Diversity and Cultural Leadership

As part of my role as a researcher at Birmingham Centre for Media and Cultural Studies, I was recently invited to evaluate Re:Present, a new programme of activities which seeks to transform the diversity of Birmingham’s cultural leadership. As researcher / evaluator my focus will be twofold: the individual participants’ experience and the significance of the programme in relation to Birmingham’s cultural ecology.

Created and delivered by Helga Henry of Creative Shift and Lara Ratnaraja, Re:Present is funded by Birmingham City Council and Arts Council England, with the additional support of University of Birmingham, Birmingham City University and Aston Business School. But Re:Present is also best described as a very personal project for Lara and Helga. Having worked with Birmingham’s cultural industries for over 15 years, they have witnessed significant changes in the cultural landscape during that period of time. Re:Present was created in response to their concerns and what they perceive as a lack of opportunities for individuals from ‘diverse’ backgrounds. I will explore the idea of ‘diversity’ in future posts but for this first blog post, I describe the context for this initiative.

Led by national governments, the cultural industries enjoyed unprecedented attention in the 2000s (Banks, 2007) followed by severe cuts in funding as a result of Osbourne’s austerity measures (BBC, 2010; Dellot, 2014). At a local level and in their roles as ‘intermediaries’ (Maguire, 2014) the Re:Present team identified diversity and cultural leadership in Birmingham, as an issue for both micro-independent cultural activities and established institutions. Recent cuts in funding, nationally (BBC, 2010) and locally (Brennan, 2015), have shifted priorities and little attention has been paid to addressing issues of diversity which had been significant in Birmingham, as identified by the director of Birmingham’s bid for European capital of culture in 2008 (also see Arts Council England West Midlands News, 2007).

4706412198_978aa1ff12_bFurthermore, the dismantling of many local support systems such as the Regional Development Agencies (in 2012) and Business Link’s Creative, Cultural and Digital Industries unit, suggests that there are less opportunities for networking and for enterprising new projects across Birmingham’s cultural industries. The result is a concern that the next generation of cultural leaders from diverse backgrounds are not being nurtured or given the opportunities which to some degree, were available pre-austerity. The assumption is that this is a period in which basic survival mechanisms across the sector may lead to an environment which does not take note of some of the policies developed under New Labour. For instance, Birmingham’s Cultural Strategy document, Big City Culture 2010-15 says very little about diversity in terms of Birmingham’s ethnic diversity. As the Warwick Commission argues:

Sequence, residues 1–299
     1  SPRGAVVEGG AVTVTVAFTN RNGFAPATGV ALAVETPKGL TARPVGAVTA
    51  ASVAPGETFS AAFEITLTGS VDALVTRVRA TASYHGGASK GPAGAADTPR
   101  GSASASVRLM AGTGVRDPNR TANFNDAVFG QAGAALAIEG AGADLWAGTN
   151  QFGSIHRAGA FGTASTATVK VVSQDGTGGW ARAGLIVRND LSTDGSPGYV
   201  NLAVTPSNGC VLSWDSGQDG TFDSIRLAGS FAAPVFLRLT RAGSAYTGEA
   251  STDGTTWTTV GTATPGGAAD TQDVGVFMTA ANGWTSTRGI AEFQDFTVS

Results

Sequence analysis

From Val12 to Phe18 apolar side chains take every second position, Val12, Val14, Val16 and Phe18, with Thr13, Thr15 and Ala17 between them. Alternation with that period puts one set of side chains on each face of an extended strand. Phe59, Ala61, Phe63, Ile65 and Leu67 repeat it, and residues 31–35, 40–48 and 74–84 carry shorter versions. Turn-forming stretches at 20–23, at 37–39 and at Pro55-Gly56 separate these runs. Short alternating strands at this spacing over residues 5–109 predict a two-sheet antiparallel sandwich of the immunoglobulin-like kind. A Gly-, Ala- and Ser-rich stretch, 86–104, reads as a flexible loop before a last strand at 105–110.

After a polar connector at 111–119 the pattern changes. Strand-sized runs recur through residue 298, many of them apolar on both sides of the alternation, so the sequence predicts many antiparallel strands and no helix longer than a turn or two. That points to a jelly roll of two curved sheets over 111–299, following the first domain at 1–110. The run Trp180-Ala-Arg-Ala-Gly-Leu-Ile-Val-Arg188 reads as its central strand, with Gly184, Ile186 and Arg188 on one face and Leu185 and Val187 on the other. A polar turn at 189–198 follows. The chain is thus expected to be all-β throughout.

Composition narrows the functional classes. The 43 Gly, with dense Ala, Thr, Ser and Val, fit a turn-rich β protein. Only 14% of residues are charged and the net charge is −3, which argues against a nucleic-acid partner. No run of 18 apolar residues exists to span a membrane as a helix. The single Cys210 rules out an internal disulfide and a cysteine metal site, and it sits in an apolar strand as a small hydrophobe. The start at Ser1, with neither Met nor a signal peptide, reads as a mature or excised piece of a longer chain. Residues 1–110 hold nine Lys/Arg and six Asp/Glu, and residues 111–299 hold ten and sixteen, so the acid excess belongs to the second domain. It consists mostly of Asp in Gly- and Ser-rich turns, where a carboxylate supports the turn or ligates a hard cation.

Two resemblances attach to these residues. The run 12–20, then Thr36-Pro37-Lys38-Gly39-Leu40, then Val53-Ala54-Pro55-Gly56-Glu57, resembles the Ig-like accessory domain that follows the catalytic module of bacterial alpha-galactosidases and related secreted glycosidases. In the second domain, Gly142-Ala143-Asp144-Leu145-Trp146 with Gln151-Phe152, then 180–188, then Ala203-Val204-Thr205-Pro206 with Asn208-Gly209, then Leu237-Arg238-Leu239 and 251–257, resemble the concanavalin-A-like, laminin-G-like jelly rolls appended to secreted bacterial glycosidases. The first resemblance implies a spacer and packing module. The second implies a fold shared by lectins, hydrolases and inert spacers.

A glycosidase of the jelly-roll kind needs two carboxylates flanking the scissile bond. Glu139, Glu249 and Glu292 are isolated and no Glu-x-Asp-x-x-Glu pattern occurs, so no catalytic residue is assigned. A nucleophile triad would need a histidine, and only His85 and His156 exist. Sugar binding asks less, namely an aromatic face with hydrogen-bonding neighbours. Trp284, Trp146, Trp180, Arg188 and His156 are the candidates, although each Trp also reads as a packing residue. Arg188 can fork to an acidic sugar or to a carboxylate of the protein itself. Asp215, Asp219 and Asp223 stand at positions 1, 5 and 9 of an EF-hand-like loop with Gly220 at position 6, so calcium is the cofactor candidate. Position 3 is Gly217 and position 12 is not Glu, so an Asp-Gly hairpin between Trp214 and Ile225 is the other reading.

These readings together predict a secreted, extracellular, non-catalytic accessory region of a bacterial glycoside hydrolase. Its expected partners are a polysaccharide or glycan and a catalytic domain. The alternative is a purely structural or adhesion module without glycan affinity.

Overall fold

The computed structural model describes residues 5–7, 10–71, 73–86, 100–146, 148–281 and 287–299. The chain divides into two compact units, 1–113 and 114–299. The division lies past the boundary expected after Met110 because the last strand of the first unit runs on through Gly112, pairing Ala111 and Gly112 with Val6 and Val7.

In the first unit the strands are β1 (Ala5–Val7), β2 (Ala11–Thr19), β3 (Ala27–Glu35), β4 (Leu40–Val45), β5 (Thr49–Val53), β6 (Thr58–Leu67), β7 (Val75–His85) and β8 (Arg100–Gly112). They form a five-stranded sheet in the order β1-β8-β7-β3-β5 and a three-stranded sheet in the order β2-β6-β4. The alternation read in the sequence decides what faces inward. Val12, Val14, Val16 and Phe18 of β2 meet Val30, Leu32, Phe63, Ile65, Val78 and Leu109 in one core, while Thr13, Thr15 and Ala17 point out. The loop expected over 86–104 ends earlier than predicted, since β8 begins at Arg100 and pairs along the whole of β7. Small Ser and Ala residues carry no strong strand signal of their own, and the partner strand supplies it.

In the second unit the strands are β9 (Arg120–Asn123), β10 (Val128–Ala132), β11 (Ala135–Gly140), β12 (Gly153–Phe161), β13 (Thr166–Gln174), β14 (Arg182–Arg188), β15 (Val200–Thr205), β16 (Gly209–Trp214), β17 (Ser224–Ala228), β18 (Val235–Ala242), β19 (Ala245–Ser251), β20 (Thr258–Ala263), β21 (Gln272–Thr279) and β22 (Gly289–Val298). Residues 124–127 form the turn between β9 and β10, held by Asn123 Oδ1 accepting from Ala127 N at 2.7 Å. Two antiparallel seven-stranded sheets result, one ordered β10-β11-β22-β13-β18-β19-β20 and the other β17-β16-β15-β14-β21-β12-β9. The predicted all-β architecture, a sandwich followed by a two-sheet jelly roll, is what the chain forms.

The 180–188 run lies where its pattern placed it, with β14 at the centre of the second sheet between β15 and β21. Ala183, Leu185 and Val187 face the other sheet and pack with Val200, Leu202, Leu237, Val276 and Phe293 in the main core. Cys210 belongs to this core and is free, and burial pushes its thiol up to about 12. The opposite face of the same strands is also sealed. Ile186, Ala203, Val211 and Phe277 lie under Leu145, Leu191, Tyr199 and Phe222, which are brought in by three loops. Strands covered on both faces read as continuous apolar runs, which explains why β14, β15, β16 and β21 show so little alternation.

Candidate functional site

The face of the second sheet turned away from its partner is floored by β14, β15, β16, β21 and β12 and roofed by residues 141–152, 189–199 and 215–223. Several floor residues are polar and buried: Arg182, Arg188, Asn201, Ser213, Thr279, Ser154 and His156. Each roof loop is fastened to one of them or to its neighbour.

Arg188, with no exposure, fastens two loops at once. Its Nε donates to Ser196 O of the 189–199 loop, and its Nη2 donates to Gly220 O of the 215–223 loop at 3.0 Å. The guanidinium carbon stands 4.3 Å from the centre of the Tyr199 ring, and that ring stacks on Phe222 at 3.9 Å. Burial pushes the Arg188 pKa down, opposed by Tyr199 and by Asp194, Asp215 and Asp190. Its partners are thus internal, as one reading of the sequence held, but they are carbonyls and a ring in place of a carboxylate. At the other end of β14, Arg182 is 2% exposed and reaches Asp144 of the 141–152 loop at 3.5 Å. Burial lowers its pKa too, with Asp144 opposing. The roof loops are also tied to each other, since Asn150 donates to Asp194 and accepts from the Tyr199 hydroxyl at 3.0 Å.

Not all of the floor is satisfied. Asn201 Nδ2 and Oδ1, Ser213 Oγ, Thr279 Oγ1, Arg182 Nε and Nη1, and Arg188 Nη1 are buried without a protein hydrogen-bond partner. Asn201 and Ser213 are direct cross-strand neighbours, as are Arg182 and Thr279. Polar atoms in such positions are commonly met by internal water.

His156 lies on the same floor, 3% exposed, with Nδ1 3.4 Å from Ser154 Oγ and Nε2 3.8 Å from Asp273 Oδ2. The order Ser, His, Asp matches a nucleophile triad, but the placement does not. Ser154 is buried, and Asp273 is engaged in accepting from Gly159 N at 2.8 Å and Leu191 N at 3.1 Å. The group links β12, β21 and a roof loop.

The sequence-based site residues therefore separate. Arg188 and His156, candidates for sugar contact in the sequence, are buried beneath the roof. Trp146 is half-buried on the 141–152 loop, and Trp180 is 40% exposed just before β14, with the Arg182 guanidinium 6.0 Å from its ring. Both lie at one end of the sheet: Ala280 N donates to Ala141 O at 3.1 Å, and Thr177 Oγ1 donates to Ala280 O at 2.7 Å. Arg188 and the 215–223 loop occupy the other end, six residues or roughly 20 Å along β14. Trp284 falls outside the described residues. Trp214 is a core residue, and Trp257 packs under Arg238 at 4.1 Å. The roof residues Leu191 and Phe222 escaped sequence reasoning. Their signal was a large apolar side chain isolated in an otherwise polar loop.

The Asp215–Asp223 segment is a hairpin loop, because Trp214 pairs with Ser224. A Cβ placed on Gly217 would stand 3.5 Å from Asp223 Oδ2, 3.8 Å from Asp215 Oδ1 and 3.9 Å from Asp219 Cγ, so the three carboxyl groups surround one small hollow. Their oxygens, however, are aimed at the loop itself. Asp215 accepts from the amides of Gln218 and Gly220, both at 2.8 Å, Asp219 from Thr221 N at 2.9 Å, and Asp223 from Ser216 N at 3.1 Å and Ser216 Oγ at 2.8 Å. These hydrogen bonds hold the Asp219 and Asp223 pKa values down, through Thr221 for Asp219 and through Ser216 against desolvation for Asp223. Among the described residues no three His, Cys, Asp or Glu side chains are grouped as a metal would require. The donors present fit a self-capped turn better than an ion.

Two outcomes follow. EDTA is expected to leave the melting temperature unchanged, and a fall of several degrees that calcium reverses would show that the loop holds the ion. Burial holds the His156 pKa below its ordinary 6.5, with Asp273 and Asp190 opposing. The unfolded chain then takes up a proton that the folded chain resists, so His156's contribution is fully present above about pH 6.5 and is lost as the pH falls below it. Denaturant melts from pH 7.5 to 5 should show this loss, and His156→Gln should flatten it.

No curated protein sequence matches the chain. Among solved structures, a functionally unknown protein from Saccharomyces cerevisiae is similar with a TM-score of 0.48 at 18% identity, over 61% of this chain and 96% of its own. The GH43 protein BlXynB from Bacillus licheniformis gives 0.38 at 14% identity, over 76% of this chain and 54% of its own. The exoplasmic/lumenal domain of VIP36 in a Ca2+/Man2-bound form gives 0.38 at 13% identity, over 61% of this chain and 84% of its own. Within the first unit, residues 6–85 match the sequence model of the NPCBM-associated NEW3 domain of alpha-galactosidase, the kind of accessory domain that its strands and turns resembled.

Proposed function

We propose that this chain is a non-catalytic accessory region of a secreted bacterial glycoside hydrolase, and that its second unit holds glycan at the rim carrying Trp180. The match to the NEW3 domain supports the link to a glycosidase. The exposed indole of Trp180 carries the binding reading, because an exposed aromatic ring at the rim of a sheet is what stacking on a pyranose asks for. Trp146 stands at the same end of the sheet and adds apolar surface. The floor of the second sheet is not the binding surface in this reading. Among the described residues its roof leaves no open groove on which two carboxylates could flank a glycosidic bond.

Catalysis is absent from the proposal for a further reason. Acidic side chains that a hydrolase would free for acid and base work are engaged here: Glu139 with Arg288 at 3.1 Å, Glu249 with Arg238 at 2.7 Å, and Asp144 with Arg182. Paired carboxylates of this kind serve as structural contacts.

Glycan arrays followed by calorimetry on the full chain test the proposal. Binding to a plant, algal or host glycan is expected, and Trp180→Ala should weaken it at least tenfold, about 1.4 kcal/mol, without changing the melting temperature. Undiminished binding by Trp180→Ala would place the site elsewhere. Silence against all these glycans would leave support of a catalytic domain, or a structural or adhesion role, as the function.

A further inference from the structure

The diversity of the creative workforce in Britain has progressively contracted over the past five years in relation to gender, ethnicity and disability, as data collected by the relevant Sector Skills Councils show…The stark reality is that the possibility to express oneself artistically and creatively at a professional level is curtailed by social background and personal characteristics to an unacceptable degree, as many campaigns and media declarations by high-profile members of the British cultural and creative community have pointed out. The situation raises serious questions about the extent to which the cultural and creative sector fulfills the requirements of the Equality Act 2010. (2014, p.35)

Particularly for the publicly funded arts, cuts to funding raise concerns about how the cultural and creative industries can address a lack of diversity in the workforce, including in its leaders. With this in mind, Re:Present aims to develop the skills and knowledge of a diverse group of 30 participants, selected for the programme. As a pilot project, it also seeks to explore the methods for developing and nurturing leadership skills. Furthermore, and given that participants have self-identified as ‘diverse’ the programme opens up the opportunity for questioning what we mean by ‘diversity’ and indeed ‘cultural leadership’.

In my next blog post, I will investigate the specificity of ‘cultural leadership’ drawing on Sutherland and Gosling’s (2010) study, Cultural Leadership: Mobilizing Culture from Affordances to Dwelling.


Banks, M. (2007) The Politics of Cultural Work, (Basingstoke: Palgrave Macmillan).

BBC (2010) Spending Tax Review 2010: George Osborne wields the axe, Available at: http://www.bbc.co.uk/news/uk-politics-11579979 (Accessed: 30 April 2014).

Brennan, C (2015) Arts Cuts Deaden our Regions. Online. Available at: http://www.theguardian.com/commentisfree/2015/dec/13/arts-funding-cuts-regions-badly-affected-econom-ic-stupidity (Accessed: 7 March 2015)

Dellot, B. (2014) New RSA and JRF Project: Boosting the living standards of the self-employed, Available at: http://www.rsablogs.org.uk/2014/enterprise/rsa-jrf-project-boosting-living-standards-selfemployed/ (Accessed 6th August 2014).

Maguire, J. (2014) The Cultural Intermediaries Reader, (London: Sage Publishing Ltd)

Sutherland, I. and Gosling, J. (2010) Cultural Leadership: Mobilizing Culture from Affordances to Dwelling, The Journal of Arts Management, Law and Society, (40) p. 6-26

The Warwick Commission, (2014) Enriching Britain: Culture, Creativity and Growth.

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